Help Campy Shifter Repair?

Deej

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Oct 13, 2007
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#1
Hi everyone! Just a quick question: Does anyone know where I can get a Campagnolo shifter repaired/cleaned?

I purchased a used pair of Record 10-speed shifters (circa 2000) a few months ago and am building up a bike with them. The left shifter isn't functioning as well as it could and I'd like to get it looked at. I know there are videos on how to take the shifter apart, etc., and I have watched them, but I'd really rather take it to someone who knows what they are doing and what problems to look for.

The Positivo shop offers this service, but they are closed for a few days for a cycling event. Does anyone know of any other shops or individuals who work with used shifters?

Thank you!

Deej

(By the way, the headset question I posed here a couple months back has been answered. I ordered the model that Owen suggested after he kindly contacted Wilier, and it fits perfectly. So thank you!)
 
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Deej

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Oct 13, 2007
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#5
Thank you James! I've dropped Tomity a line and will see if he's willing to help.

Cheers, Simon. You're right, of course. It really is in my best interests if I do the work myself. As massively powerful as I am on the bike, I lack confidence in such matters. ;)

Actually, I've tried quite hard to remove the pin so I can get to the innards, but the thing will barely budge. In the process, I've scratched the carbon lever, which is classic, impatient Deej. So I'm thinking that this time around, I'll leave it to the pros. But, yeah, this is stuff I should be doing myself. If you pop down to Tokyo and feel like giving it a shot, beers are on me!
 
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kiwisimon

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Dec 14, 2006
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#6
Actually, I've tried quite hard to remove the pin so I can get to the innards, but the thing will barely budge. In the process, I've scratched the carbon lever, which is classic, impatient Deej. So I'm thinking that this time around, I'll leave it to the pros. But, yeah, this is stuff I should be doing myself. If you pop down to Tokyo and feel like giving it a shot, beers are on me!
Train ticket instead of beer and I'm yours, but yeah if you feel like you need to force it then stop and rethink the process. Are you using some kind of reference to guide you?
 
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FarEast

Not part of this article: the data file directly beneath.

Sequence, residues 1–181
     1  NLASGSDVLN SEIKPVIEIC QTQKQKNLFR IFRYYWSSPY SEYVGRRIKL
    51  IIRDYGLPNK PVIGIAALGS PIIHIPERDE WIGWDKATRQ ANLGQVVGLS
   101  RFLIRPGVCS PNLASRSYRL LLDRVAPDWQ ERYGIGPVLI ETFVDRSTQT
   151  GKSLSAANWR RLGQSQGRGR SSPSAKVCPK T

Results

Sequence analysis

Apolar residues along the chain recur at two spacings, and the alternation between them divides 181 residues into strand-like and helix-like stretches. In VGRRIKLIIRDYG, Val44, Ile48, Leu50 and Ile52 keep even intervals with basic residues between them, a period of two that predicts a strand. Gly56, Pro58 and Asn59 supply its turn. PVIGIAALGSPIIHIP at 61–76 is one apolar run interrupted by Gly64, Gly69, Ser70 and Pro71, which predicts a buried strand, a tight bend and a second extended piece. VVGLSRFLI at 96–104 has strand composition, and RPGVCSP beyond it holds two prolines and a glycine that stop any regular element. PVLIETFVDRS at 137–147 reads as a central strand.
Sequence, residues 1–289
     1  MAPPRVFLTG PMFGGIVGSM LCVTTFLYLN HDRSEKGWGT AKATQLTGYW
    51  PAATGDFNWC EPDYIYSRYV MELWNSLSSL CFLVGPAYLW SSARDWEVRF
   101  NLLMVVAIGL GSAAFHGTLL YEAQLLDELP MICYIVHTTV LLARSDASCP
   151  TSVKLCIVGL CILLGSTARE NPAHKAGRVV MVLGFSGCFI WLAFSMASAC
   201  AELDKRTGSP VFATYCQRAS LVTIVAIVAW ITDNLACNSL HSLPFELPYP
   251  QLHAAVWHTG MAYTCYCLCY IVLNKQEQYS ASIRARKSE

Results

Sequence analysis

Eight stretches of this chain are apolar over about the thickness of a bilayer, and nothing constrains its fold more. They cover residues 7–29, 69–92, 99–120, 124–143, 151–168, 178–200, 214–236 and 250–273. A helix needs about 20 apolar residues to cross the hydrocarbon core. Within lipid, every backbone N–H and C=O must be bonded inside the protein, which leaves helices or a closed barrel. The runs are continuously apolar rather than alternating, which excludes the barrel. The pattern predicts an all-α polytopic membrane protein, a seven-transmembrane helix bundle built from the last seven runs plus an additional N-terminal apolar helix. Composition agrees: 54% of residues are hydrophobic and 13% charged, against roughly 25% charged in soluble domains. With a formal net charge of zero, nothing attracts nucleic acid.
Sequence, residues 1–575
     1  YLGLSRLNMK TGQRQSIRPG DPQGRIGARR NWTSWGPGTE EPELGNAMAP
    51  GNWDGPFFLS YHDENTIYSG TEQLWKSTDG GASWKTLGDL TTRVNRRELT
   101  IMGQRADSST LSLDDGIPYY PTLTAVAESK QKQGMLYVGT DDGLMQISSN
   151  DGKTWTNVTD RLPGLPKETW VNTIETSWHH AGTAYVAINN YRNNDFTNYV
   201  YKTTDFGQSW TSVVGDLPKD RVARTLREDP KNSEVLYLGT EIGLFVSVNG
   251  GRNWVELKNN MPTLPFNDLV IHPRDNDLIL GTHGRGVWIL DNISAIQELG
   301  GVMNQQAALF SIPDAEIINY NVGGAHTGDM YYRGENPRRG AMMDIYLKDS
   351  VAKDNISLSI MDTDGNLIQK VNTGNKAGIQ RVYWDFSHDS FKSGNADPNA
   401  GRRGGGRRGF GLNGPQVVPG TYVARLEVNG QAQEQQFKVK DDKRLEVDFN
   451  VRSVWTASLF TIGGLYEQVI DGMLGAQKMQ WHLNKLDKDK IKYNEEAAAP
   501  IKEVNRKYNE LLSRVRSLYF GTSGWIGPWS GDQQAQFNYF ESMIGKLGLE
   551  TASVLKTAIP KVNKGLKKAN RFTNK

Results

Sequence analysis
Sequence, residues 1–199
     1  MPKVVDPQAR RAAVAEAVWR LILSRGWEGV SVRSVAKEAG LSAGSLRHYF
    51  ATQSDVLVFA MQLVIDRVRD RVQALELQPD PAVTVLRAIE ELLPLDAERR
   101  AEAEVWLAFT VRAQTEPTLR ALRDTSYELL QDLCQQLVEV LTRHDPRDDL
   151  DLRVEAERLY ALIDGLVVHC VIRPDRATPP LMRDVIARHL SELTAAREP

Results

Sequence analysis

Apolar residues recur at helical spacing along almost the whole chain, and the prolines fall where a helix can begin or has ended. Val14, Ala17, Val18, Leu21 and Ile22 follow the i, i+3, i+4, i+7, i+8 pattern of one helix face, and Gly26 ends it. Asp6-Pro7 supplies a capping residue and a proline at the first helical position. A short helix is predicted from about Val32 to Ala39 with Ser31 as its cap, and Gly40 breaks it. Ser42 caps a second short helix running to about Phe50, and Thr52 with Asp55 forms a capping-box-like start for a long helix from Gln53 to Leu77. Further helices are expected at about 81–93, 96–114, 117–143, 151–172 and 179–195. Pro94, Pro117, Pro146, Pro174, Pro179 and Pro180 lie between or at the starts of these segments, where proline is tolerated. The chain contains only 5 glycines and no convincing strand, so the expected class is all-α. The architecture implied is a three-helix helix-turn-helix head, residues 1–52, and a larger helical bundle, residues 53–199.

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May 25, 2009
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#7
I've also found that using "Shizer loads" of Brakeleen on shifters (both moving parts and the cable channels) can solve 99% of problems - just be sure to regrease after....... also I put parts in the dish washer as well. :D
 

GSAstuto

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Oct 11, 2009
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www.roadfixie.com
#9
Yeah - I agree with FE on this. As a Campy rider I can also concure. Unless you've crashed it - it's probably just gummed up. BrakeKleen and a little light oil and should be all fine. If you've broken some bit - Campy does have replacements for everything in the shifter (unlike Shimano), HOWEVER good luck getting them! Which shifters do you have, BTW?
 
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GSAstuto

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Oct 11, 2009
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#10
Oh yeah, though , be careful about <which> Brakekleen you use - cause , idiot that I am used the real stuff before and it promptly melted the clear coat! So - stick with the environmental version and / or acetone. As all things Italian - the engineering aspects are amazing, but the finish properties are on par with the Chinese, if that. Paint and other stuff is just an after topic of production.
 

Deej

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Oct 13, 2007
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#11
James, Tim: Yeah, my sense is that the old bugger is just gummed up. I may just ask my LBS to remove the pin for me -- I can't get the recalcitrant little mofo to budge -- and have at it with Brakleen (love that name).

Tim, cheers for the heads-up about the dangers of extra-strength Brakleen. I'll be sure to heed your advice.

The shifters are Record 10-speed Carbon BB System, circa early-2000s.

Simon -- Sorry, I can only afford the beer. But next time you're in town, drop me a line and beers are on me, shifter repair or no.